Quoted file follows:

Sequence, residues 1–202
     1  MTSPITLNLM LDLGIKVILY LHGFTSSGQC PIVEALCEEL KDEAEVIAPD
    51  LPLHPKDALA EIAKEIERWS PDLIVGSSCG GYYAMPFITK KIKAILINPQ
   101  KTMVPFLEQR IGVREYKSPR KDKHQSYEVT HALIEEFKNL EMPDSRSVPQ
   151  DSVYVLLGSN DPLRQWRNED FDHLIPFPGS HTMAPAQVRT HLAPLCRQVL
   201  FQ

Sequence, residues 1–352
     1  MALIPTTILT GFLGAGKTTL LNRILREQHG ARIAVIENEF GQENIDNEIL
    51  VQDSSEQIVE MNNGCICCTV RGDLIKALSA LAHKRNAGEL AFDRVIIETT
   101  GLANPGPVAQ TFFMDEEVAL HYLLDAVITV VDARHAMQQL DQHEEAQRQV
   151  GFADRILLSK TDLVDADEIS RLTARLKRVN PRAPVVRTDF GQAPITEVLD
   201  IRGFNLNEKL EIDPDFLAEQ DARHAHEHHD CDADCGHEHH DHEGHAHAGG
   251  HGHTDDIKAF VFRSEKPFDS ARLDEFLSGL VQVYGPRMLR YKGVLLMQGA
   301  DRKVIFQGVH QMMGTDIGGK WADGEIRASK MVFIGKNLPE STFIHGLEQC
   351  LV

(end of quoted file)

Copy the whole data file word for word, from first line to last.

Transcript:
Sequence, residues 1–202
     1  MTSPITLNLM LDLGIKVILY LHGFTSSGQC PIVEALCEEL KDEAEVIAPD
    51  LPLHPKDALA EIAKEIERWS PDLIVGSSCG GYYAMPFITK KIKAILINPQ
   101  KTMVPFLEQR IGVREYKSPR KDKHQSYEVT HALIEEFKNL EMPDSRSVPQ
   151  DSVYVLLGSN DPLRQWRNED FDHLIPFPGS HTMAPAQVRT HLAPLCRQVL
   201  FQ

Sequence, residues 1–352
     1  MALIPTTILT GFLGAGKTTL LNRILREQHG ARIAVIENEF GQENIDNEIL
    51  VQDSSEQIVE MNNGCICCTV RGDLIKALSA LAHKRNAGEL AFDRVIIETT
   101  GLANPGPVAQ TFFMDEEVAL HYLLDAVITV VDARHAMQQL DQHEEAQRQV
   151  GFADRILLSK TDLVDADEIS RLTARLKRVN PRAPVVRTDF GQAPITEVLD
   201  IRGFNLNEKL EIDPDFLAEQ DARHAHEHHD CDADCGHEHH DHEGHAHAGG
   251  HGHTDDIKAF VFRSEKPFDS ARLDEFLSGL VQVYGPRMLR YKGVLLMQGA
   301  DRKVIFQGVH QMMGTDIGGK WADGEIRASK MVFIGKNLPE STFIHGLEQC
   351  LV